“Of Folly, Fortune, Glory, Ruin” is on view through March 7, 2020, at Hollis Taggart, 521 West 26th Street, New York

 

Jessica Stoller, “Spread” at P.P.O.W.

Installation view "Spread," 2019. Courtesy of P.P.OW.

Installation view of “Spread,” 2019. Courtesy of P.P.OW.

Jessica Stoller’s exquisitely detailed new ceramics are tantalizingly bizarre, mixing flower petals and vines with disembodied legs and breasts, tangles of hair, wrinkled skin and other markers of the aging female body. These works allow beauty to bloom among something much more sinister and macabre.

“Spread” is on view through February 15, 2020, at P.P.O.W., 535 West 22nd Street

 

Ben Evans at Guy Hepner

Ben Evans, Green No. 1 (2020). Courtesy of Guy Hepner.

Ben Evans, Green No. 1 (2020). Courtesy of Guy Hepner.

Twentysomething Brooklynite and Instagram art star Ben Evans creates comic-influenced, Pop-style portraits of the behind-closed-doors habits of millennials and Gen Z’ers, seen devouring snacks or indulging their sexual fetishes. A unique series of Evans’s hand-embellished prints are currently on view at Guy Hepner gallery. “I see all of [my] paintings as film stills more than anything, truly,” the artist has said. “Making things that feel performative is fun for me because it allows me to be campy with the imagery, and existing in a campy space is where I’m most comfortable.”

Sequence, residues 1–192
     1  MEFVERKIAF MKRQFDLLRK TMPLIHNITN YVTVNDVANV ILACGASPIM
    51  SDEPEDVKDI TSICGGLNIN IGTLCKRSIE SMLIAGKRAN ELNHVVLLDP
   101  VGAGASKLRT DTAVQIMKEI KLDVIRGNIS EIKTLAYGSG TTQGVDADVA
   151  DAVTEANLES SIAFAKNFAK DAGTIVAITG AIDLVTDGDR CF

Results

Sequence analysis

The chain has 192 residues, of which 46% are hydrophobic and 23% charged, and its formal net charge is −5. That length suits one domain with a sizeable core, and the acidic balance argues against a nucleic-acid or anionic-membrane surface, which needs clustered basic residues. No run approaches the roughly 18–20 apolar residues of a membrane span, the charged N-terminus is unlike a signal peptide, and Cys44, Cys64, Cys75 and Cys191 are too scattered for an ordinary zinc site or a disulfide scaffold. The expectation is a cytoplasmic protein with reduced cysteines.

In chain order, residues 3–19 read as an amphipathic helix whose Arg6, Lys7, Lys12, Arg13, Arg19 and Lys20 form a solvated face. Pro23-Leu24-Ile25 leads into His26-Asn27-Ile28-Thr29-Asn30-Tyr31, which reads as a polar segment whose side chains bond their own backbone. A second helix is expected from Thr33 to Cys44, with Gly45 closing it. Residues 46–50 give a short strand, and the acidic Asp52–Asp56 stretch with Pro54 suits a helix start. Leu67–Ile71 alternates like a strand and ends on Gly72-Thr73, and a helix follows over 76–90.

Ben Evans is on view through February 29, 2020, at Guy Hepner, 520 W 27th Street, New York

 

Jean-Michel Atlan, “Jean-Michel Atlan et la Nouvelle École de Paris” at Setareh 

Installation view of "Jean-Michel Atlan et la Nouvelle École de Paris" (2019). Courtesy of Setareh.

Installation view of “Jean-Michel Atlan et la Nouvelle École de Paris” (2019). Courtesy of Setareh.

The late French artist Jean-Michel Atlan was a self-taught abstract painter who has become something of a niche favorite in France in the decades since his death in 1960. Nevertheless, he remains largely unknown within the greater art world. This exhibition, organized with Fondation Jean-Michel Atlan and the Musée de la Moderne de la Ville de Paris, is a fascinating reexamination of an artist who was highly regarded by Jean Dubuffet, showed alongside Picabia, and was friends with both the Surrealists and artists from the CoBrA movement. The show, which includes works from Atlan’s most pivotal periods, is an eye-opening look at an artist who was collected by the likes of Gertrude Stein, but who has fallen, almost inexplicably, into obscurity.

“Jean-Michel Atlan et la Nouvelle École de Paris” is on view through March 14, 2020, at Setareh, Königsallee 27 & 31, Düsseldorf, 40212

Masayoshi Nojo in “Under the Moonlight” at JD Malat 

Masayoshi Nojo, Mirage 45, 2019. Courtesy of JD Malat

Masayoshi Nojo, Mirage 45 (2019). Courtesy of JD Malat.

In his first solo show outside of his native Japan, artist Masayoshi Nojo presents a series of haunting and evocative landscapes that meld traditional aesthetics with contemporary visual language. The moody forests Nojo creates have an atmospheric shimmering quality that the artist achieves by applying silver foil to a marbled acrylic base. The effect keeps the eye wandering across the surface, drawing viewers into a state of reverie. 

“Under the Moonlight” is on view through February 15, 2020, at JD Malat, 30 Davies Street, Mayfair, London